I first noticed this genuine weeHouse on Mrs. French's site last month (see here, here, and here). The Oceanside Prefab, as it's know, is on a picturesque spot on the Oregon coast and available for rent should you have any interest. The home was assembled with two 14' x 50' modules by Stratford Homes and designed by none other than Alchemy Architects.
Notwithstanding all the factors hammering the real estate world in 2009, we had the opportunity to cover over sixty-two innovative green homes. Forward thinkers all over the country, and the world for that matter, are finding ways to develop, renovate, design, and build greener homes in different ways. Some are more affordable. Some are more efficient. Some are certified at the highest level. Some are prefabricated in days. They're all interesting and innovative. Click the text links below for more images and information.
Mark Meyer of Austin-based designSTUDIO recently pointed us to one of his newest projects, la Boite. La Boite is a green, environmentally sensitive cafe with locally baked goods, sandwiches, and coffee. It was built from an old shipping container, and if you’re interested in details of the transformation, read more about it on designSTUDIO’s blog. For the project, DesignSTUDIO used Rainwater HOG’s for greywater collection, biobased spray foam insulation, and Forbo linoleum for the floor and one wall. You can find la Boite on 1700 South Lamar Boulevard in Austin, Texas. Looks fun, doesn’t it?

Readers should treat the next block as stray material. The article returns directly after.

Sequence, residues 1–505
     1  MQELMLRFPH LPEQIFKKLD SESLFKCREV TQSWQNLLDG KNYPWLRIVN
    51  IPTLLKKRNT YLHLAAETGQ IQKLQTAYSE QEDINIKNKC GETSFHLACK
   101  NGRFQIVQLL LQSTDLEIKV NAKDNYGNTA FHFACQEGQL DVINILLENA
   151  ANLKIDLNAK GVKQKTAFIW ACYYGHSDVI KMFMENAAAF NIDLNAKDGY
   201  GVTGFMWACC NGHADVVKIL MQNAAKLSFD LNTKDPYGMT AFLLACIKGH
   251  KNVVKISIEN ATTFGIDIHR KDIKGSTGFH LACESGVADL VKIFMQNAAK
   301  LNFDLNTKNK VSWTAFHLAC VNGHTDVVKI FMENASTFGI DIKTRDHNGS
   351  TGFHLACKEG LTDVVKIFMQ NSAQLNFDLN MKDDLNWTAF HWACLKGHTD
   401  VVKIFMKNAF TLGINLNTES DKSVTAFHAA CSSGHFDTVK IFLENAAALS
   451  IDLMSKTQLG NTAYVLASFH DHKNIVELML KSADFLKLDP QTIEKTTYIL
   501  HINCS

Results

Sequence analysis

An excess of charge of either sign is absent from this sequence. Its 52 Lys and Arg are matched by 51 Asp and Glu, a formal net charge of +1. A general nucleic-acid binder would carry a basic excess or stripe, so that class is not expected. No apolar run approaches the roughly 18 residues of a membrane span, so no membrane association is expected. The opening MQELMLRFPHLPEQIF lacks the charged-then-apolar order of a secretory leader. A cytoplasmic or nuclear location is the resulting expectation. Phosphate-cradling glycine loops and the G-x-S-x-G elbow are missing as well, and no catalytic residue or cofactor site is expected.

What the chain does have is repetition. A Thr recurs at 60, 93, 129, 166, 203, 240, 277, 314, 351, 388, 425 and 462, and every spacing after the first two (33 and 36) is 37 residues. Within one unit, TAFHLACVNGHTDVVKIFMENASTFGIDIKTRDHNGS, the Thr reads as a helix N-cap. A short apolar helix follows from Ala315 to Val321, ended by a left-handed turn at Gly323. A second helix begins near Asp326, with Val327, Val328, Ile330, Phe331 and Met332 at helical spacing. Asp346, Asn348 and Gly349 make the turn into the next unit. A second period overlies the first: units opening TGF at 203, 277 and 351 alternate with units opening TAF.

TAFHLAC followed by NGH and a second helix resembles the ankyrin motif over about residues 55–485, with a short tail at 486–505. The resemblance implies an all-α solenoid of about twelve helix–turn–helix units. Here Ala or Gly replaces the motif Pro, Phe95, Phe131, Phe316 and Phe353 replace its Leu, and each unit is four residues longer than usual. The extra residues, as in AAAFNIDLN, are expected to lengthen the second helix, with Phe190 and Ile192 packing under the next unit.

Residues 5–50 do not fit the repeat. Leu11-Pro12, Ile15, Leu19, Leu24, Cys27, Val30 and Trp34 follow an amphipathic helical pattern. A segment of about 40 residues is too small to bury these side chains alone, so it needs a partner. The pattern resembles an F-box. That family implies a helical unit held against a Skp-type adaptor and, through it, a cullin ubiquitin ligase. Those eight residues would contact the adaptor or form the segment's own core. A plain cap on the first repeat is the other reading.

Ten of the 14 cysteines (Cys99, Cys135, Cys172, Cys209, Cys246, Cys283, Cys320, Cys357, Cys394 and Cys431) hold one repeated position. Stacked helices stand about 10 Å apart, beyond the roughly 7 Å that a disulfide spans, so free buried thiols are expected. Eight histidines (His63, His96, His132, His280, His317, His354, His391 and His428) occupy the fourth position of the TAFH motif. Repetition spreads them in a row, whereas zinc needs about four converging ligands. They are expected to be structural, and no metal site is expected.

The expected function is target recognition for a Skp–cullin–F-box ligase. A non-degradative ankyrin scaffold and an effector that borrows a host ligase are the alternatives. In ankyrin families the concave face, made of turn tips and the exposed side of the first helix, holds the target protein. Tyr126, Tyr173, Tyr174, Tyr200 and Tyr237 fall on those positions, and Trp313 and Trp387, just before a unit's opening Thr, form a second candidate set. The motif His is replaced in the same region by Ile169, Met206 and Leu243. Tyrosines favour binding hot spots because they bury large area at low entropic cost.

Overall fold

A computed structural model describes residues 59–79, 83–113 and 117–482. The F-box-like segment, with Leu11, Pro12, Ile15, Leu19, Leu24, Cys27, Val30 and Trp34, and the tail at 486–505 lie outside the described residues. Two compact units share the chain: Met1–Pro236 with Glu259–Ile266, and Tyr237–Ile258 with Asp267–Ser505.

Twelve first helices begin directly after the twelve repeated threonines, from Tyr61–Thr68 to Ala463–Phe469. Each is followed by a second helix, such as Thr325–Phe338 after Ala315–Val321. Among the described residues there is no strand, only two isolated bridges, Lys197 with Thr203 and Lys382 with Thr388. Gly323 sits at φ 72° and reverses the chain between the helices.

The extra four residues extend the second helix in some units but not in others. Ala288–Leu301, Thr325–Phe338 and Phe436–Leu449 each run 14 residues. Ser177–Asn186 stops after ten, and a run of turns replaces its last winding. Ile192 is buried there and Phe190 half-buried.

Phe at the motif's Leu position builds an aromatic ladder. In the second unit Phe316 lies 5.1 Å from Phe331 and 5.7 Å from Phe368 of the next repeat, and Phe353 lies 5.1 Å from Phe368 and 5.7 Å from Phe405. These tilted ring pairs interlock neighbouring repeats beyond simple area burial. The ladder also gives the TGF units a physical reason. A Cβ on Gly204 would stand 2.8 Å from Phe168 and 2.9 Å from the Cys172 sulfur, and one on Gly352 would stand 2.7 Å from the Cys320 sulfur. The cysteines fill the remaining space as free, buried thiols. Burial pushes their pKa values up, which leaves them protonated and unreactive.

Recently, the home of architects Doug Glasgow (Lord, Aeck & Sargent) and Yun Lee (HDR CUH2A), located at 715 Kirk Road in Decatur, Georgia, was awarded LEED Platinum certification. It’s the first renovation in the state to achieve LEED certification, and the first renovation in the southeast to obtain Platinum level certification. The gut rehab was performed by Hammertime Construction, a firm with expertise in green building. Take a look inside …
In Powhatan, Virginia, there’s this three-level home that Handcraft Homes built with SIPs. Designed by Watershed Architects, the project anticipates a minimum of LEED Silver certification and, according to the Richmond Times-Dispatch, was built for about $280,000. The owners expect to recoup the extra cost of their green investment through energy savings gained over about seven years.
In North Boulder, there's a new, green neighborhood development called Spring Leaf. The neighborhood's first home, its model home, has been completed. In total, Spring Leaf will include six single-family homes and six townhomes that will be all-electric, super efficient, and easily LEED Platinum. Moreover, they'll all be net-zero energy homes powered by solar and geothermal systems.